Search Results

Advanced Search

16 to 30 of 52 results

Sort by:

Filter by:

Contributors

Article Types

Authors

In Praise of Pritchett

Martin Amis, 22 May 1980

On the Edge of the Cliff 
by V.S. Pritchett.
Chatto, 179 pp., £4.95, February 1980, 0 7011 2438 5
Show More
The Tale Bearers: Essays on English, American and Other Writers 
by V.S. Pritchett.
Chatto, 223 pp., £6.50, April 1980, 0 7011 2435 0
Show More
Show More
... The distinction he is secretly making throughout the book becomes explicit in his essay on Henry Green: Some very fine artists impose themselves, but Henry Green belonged to those who masochistically seek to let their characters speak through them. In so speaking, they may expose more than they know; but don’t we ...

I whine for her like a babe

Ruth Bernard Yeazell: The Other Alice James, 25 June 2009

Alice in Jamesland: The Story of Alice Howe Gibbens James 
by Susan Gunter.
Nebraska, 422 pp., £38, March 2009, 978 0 8032 1569 6
Show More
Show More
... Boston and immediately concluded that William James should marry her. In one version of the story, Henry James Sr returned from a meeting and announced to those at home that he had seen William’s future bride. Another version attributes the discovery to the philosopher Thomas Davidson, who invited his friend to meet ‘the woman you ought to marry’. It may ...

Thanks to the Fels-Naptha Soap King

Miles Taylor: George Lansbury, 22 May 2003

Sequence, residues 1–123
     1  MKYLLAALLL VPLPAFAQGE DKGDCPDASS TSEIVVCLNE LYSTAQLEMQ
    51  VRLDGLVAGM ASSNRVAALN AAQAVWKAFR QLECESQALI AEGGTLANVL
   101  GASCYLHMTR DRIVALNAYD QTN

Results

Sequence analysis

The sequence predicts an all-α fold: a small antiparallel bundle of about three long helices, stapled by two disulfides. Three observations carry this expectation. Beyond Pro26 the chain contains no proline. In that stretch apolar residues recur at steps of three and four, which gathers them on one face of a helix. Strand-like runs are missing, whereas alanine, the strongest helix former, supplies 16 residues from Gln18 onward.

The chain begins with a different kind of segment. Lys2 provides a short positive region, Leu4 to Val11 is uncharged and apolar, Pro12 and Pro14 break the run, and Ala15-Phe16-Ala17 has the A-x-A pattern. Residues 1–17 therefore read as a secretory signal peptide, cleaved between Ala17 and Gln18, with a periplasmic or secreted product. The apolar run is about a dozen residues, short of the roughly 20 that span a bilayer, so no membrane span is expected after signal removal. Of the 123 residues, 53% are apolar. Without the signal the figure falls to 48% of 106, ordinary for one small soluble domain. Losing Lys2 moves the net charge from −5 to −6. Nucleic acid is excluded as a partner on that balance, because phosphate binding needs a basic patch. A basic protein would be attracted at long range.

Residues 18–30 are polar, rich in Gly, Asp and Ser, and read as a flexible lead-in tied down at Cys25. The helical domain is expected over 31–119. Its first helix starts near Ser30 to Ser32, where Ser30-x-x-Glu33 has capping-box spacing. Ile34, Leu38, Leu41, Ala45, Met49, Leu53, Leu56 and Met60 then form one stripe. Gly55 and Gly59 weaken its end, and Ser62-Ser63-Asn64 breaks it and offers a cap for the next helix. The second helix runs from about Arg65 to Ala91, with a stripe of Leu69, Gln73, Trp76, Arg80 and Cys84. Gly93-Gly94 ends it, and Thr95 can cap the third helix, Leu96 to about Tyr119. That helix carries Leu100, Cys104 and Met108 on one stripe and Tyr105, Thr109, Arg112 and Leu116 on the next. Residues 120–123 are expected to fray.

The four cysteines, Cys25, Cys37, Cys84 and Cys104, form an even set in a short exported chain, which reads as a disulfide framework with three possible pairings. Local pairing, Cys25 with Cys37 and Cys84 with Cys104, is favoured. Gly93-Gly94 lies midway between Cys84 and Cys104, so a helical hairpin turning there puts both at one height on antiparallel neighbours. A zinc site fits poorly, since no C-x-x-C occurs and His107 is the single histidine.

George Lansbury: At the Heart of Old Labour 
by John Shepherd.
Oxford, 407 pp., £35, September 2002, 0 19 820164 8
Show More
Show More
... and J.A. Murray Macdonald – before, like many of his generation, switching over in 1892 to Henry Hyndman’s Social Democratic Federation. A year later, he was elected to the Poplar Poor Law Board. Poplar now became the Lansbury family’s fiefdom. He himself was a guardian and councillor for nearly forty years and twice mayor, and his third ...

At the Garden Museum

Rosemary Hill: Constance Spry, 9 September 2021

... manufacture. After the war she changed her surname to Spry, implying that she was married to Henry Ernest Spry, with whom she lived for the rest of her life. Opinion is divided as to whether or not they were ever married – the Garden Museum and the DNB disagree – but no doubt the Homerton and South Hackney day continuation school, of which Constance ...

Cold-Shouldered

James Wood: John Carey, 8 March 2001

Pure Pleasure: A Guide to the 20th Century’s Most Enjoyable Books 
by John Carey.
Faber, 173 pp., £6.99, September 2000, 0 571 20448 1
Show More
Show More
... Hardy, George Eliot)? I don’t think, as Carey does, that Elizabeth Bowen ‘goes beyond’ Henry James (whom Carey doesn’t seem to like) in her ability to depict inner thought and feeling, and I am unable to make sense of his claim that Lucky Jim represents ‘one of the first attempts in English to describe women realistically’. But for all ...

Looking for a Way Up

Rosemary Hill: Roy Strong’s Vanities, 25 April 2013

Self-Portrait as a Young Man 
by Roy Strong.